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REVIEW: 'Reservation Dogs' returns with more heart, tears

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There’s really no awards category that fits “Reservation Dogs.” Sure, it’s billed as a comedy but there are so many touching moments it could easily top the shows that are billed as dramas. Variety seeps in, too, and if you happen to hail from the rez, you probably think it’s a reality show.

In the second season, which premieres Aug. 3, the four friends are at odds, largely because their trip to California met with resistance. Elora (Devery Jacobs) is still determined, but now she has Jackie (Elva Guerra) on board and, frankly, the others don’t like her.

Willie Jack (Paulina Alexis) believes the curse she cast on Jackie is the reason everything is going to hell. To change those fortunes, she consults elders and discovers it’s more difficult than anyone thought. At 17, Bear (D’Pharaoh Woon-A-Tai) believes he needs to become a man and get a job. Cheese (Lane Factor), meanwhile, just wants to find a bit of normalcy.

The world is fairly chaotic (particularly when Elora and Jackie hit the road) and doesn’t really settle down until the third episode when Bear enters the workforce as a roofer.

There, he realizes his late friend Daniel’s father is part of the crew. He keeps a distance but, soon, fate tosses them together and the waterworks begin. It’s such an emotional moment (on a rooftop, no less), you can see Bear mature in the process.

Elora gets her moment of clarity when her grandmother is on her deathbed. The friends pull together and “Reservation Dogs” reveals just who they are and what bonds them. Co-creator Sterlin Harjo also introduces traditions in a way that outsiders can understand. A dinner – complete with fry bread and chips – lets old and young talk about their dreams and disappointments. When grandma is near the end, “Reservation Dogs” captures its own out-of-body moment and becomes much more than just another television series.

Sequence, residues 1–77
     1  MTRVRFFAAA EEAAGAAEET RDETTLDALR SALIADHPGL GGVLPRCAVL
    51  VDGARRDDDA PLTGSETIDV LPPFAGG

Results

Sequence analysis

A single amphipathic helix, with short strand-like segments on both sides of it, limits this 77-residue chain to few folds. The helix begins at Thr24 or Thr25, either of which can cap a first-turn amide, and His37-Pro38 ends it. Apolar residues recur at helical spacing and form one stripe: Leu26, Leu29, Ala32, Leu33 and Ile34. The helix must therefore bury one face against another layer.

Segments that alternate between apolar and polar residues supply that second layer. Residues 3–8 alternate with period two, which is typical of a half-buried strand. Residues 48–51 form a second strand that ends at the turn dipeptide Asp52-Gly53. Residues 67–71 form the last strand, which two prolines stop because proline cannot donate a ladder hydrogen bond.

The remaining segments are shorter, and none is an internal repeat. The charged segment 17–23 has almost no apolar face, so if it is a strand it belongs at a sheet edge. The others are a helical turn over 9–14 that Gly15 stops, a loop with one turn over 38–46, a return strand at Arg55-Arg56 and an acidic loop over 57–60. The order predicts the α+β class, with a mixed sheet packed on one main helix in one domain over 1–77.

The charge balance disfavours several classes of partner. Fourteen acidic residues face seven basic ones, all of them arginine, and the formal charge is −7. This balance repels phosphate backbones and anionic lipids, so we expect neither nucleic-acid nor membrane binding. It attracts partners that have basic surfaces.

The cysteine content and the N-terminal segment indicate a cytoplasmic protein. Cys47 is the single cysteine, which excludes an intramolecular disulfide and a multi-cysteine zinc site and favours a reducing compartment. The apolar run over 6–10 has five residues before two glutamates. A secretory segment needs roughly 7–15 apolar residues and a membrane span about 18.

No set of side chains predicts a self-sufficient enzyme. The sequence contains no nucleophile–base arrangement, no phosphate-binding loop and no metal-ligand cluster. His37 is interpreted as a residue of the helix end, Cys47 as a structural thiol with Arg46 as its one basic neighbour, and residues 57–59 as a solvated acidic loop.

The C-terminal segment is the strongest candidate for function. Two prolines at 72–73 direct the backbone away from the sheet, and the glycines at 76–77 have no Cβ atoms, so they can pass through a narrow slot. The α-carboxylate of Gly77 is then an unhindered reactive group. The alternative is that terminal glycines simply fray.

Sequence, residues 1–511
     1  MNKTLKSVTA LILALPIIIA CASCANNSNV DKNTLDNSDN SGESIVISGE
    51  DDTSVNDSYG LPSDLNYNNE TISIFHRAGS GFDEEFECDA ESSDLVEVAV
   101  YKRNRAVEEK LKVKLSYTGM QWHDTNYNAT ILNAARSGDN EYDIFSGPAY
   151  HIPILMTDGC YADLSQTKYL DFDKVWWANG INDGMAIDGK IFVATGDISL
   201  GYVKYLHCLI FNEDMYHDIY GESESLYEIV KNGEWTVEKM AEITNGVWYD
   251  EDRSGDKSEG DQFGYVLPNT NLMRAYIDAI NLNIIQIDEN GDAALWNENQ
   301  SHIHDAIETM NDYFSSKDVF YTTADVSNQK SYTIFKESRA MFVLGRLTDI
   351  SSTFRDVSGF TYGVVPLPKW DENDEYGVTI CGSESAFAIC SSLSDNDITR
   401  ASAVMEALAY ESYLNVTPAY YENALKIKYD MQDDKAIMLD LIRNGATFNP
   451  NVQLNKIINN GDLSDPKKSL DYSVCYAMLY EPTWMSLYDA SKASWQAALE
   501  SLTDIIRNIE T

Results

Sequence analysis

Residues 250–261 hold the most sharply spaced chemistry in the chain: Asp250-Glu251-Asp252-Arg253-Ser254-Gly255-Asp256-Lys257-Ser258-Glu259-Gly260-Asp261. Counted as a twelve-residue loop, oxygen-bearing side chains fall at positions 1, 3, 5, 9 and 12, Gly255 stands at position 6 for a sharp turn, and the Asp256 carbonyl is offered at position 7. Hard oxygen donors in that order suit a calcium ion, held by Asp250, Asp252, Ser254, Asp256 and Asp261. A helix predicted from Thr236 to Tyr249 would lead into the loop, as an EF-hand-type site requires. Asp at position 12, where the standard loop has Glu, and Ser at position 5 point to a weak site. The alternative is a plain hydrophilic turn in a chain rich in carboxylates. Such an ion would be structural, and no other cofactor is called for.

In the new season, Spirit (Dallas Goodtooth) gets a lot of screen time, including a moment in a port-a-potty that lets him wax eloquent about traditions. When someone dies, he says, “we get their names tattooed on our bodies in Old English script.”

Stray friends introduce us to other customs. “Move,” a woman says as she approaches a couch. “I’m your elder.”

Megan Mullally gets involved in all of this, too. She tries to help Elora and Jackie but, really, she’s just looking for someone to listen to her problems.

“Reservation Dogs,” in fact, is a lot about listening and absorbing. In the most unlikely place, wisdom is spouted daily from the most unlikely people.

Daniel’s death in Season One was a call to action for the four friends. In Season Two, it’s an opportunity to look at their own lives where they should be headed. Before you can finish a bag of Flaming Flamers, you’ll understand sacred tater tots, sacred hairs and the need for a sacred song like “Free Fallin’.”

You’ll also see why there are many rites of passage in a teenager’s life. Some come with guidance; others require a little on-the-job experience. All should be preserved as beautifully as these.

 

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